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No. 60: Nov-Dec 1988

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Another "cookie cutter" hole

Back in 1984, the American press had fun with the "cookie cutter" hole found in Washington state. A good-sized chunk of earth or "divot" had been neatly excised intact from the ground and deposited some 73 feet away. (see drawing.) One would think that nature would play only one such bizarre prank, but a remarkably similar occurrence also took place in 1887. A third example of this most curious phenomenon has been resurrected from one of the Middle Ages chronicles:

"822 A.D.: 'In the land of the Thuringians, near a river, a block of earth 50 ft. long, 14 ft. wide, and 1 ft. thick, was cut out, mysteriously lifted, and shifted 25 ft. from its original location.' Royal Frankish Annals."

(Carolingian Chronicles. W. Scholz, translator, Ann Arbor, 1972. Cr. E. Murphy)

Reference. Descriptions of several other "cookie-cutter" holes can be found at ETB7 in our catalog: Carolina Bays, Mima Mounds, which is described here.

'Cookie-cutter' hole phenomenon in Washington Plan view of the much-ballyhooed "Cookie-cutter" hole phenomenon in Washington state, 1984. (From: Carolina Bays, etc).

From Science Frontiers #60, NOV-DEC 1988. 1988-2000 William R. Corliss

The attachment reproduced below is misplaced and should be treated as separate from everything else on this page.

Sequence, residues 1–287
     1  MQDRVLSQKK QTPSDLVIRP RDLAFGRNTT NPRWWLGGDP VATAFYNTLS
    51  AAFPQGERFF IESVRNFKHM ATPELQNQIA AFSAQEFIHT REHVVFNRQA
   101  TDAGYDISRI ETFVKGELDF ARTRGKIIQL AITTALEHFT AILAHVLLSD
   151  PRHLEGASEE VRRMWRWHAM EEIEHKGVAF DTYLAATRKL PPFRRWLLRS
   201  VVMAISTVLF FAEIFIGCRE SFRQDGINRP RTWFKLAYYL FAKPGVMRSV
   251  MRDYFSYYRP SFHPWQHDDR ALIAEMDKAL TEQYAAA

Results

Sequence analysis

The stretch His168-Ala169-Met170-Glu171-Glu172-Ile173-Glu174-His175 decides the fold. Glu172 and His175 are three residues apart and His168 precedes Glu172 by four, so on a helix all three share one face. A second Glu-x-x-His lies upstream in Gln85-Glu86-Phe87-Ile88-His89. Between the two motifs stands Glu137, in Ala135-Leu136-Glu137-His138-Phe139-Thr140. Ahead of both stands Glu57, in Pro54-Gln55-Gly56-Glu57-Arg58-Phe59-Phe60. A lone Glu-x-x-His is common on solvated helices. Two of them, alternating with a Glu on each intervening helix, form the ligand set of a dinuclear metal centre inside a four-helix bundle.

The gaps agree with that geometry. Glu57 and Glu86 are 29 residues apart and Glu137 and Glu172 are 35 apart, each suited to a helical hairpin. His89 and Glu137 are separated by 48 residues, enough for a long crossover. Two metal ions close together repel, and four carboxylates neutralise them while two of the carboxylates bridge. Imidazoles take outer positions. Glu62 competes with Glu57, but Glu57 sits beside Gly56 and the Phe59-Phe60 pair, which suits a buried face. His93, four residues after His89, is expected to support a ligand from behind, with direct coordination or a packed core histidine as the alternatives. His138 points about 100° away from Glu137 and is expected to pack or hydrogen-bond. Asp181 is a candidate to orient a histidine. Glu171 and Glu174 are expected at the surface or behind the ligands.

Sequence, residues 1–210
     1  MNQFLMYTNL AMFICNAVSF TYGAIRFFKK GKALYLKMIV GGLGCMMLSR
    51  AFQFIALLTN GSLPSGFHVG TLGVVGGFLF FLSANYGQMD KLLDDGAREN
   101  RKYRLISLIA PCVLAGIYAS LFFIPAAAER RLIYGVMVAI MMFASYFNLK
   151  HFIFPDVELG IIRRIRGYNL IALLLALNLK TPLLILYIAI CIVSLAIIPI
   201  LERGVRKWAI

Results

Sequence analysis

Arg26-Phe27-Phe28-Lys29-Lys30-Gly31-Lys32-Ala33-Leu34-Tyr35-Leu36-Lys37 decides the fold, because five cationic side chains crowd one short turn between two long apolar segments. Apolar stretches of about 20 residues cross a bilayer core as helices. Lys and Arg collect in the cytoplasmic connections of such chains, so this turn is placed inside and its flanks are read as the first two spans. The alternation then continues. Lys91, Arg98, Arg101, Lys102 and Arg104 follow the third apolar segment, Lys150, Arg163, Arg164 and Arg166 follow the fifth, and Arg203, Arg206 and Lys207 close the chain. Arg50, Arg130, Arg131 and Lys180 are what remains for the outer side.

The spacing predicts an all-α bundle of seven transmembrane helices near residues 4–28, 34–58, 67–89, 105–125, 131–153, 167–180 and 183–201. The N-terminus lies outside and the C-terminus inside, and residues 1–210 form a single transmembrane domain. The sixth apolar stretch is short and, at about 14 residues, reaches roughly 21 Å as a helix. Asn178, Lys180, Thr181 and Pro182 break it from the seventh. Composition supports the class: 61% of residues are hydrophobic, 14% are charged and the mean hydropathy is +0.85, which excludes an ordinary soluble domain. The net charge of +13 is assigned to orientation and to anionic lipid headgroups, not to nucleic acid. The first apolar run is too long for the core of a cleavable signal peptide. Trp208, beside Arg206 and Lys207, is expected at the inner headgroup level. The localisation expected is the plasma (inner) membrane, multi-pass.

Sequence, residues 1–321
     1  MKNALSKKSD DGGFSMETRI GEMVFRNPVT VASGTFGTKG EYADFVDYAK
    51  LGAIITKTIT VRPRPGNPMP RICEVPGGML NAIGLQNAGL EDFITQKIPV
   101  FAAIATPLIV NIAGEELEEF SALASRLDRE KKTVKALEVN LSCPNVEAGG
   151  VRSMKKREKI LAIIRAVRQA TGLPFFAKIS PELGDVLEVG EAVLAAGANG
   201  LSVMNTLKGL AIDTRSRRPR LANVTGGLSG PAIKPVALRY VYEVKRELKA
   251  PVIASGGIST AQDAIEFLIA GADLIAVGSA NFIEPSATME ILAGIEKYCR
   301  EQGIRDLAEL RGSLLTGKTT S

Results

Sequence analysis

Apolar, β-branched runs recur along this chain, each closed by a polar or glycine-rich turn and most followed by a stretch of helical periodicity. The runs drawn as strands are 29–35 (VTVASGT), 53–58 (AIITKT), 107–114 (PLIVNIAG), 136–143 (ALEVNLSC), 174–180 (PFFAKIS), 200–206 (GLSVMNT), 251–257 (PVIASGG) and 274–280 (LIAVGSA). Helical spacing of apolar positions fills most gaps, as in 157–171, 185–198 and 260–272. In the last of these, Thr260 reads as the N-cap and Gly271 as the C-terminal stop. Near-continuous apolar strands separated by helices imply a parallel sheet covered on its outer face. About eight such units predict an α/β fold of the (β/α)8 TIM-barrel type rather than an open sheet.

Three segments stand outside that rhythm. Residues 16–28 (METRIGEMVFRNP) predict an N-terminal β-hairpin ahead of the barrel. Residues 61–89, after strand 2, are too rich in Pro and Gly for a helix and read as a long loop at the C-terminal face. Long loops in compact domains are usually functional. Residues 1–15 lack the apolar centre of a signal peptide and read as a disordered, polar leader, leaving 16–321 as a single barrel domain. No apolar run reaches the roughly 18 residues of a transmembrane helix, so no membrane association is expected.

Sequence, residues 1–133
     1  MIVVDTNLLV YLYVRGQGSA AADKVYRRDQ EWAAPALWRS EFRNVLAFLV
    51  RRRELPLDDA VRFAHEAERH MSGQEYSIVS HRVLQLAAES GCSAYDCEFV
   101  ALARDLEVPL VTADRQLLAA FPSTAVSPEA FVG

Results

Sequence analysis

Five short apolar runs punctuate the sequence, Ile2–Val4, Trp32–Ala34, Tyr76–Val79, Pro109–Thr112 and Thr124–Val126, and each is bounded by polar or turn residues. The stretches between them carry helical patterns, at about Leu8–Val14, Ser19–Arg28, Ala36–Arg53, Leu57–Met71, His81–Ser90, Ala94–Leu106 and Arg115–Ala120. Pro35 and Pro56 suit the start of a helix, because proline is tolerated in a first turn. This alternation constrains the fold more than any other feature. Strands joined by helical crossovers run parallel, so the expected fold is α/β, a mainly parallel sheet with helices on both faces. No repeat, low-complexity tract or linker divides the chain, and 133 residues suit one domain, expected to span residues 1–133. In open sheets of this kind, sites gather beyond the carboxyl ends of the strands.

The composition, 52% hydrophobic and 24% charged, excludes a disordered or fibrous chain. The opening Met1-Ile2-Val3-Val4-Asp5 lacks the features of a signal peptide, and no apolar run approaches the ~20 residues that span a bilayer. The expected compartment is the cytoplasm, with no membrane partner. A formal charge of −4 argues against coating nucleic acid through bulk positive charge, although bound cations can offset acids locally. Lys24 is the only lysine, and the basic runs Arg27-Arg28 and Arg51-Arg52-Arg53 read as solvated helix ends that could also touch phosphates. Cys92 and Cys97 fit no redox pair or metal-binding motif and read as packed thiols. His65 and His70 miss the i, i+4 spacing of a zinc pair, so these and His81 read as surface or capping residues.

Science Frontiers Sourcebook Project Reviewed in:


  • "A sourcebook of unexplained phenomena is therefore a valuable addition to a collection of scientific literature. William R. Corliss has provided this in the past with his source books of scientific anomalies in several subjects, and now he has provided it for astronomy. He has done an excellent job of collecting and editing a large amount of material, taken in part from scientific journals and in part from scientific reporting in the popular or semi-scientific press." -- "The Mysterious Universe: A Handbook of Astronomical Anomalies", reviwed by Thomas Gold, Cornell University, in Icarus, vol.41, 1980

  • "An interesting, systematic presentation of unusual weather [..] This book is recommended for a general audience" --"Corliss, William R., Tornados, Dark Days, Anomalous Precipitation, and Related Weather Phenomena, Sourcebook Project, 1983.", revieweed in Choice, September 1983
  • "..the science is necessarily somewhat speculative, but Corliss's symthesis is based on reputable sources." -- "Corliss, William R. (Compiler). Lightning, Auroras, Nocturnal Lights, and Related Luminous Phenomena" reviwed by Joseph M. Moran, Univ. of Wisconsin in Science Books and Films, Sep/Oct 1983

  • "Before opening the book, I set certain standards that a volume which treads into dangerous grounds grounds like this must meet. The author scrupulously met, or even exceeded those standards. Each phenomenon is exhaustively documented, with references to scientific journals [..] and extensive quotations" -- "Book Review: The moon and planets: a catalog of astronomical anomalies", The Sourcebook Project, 1985., Corliss, W. R., Journal of the Royal Astronomical Society of Canada, Vol. 81, no. 1 (1987), p. 24., 02/1987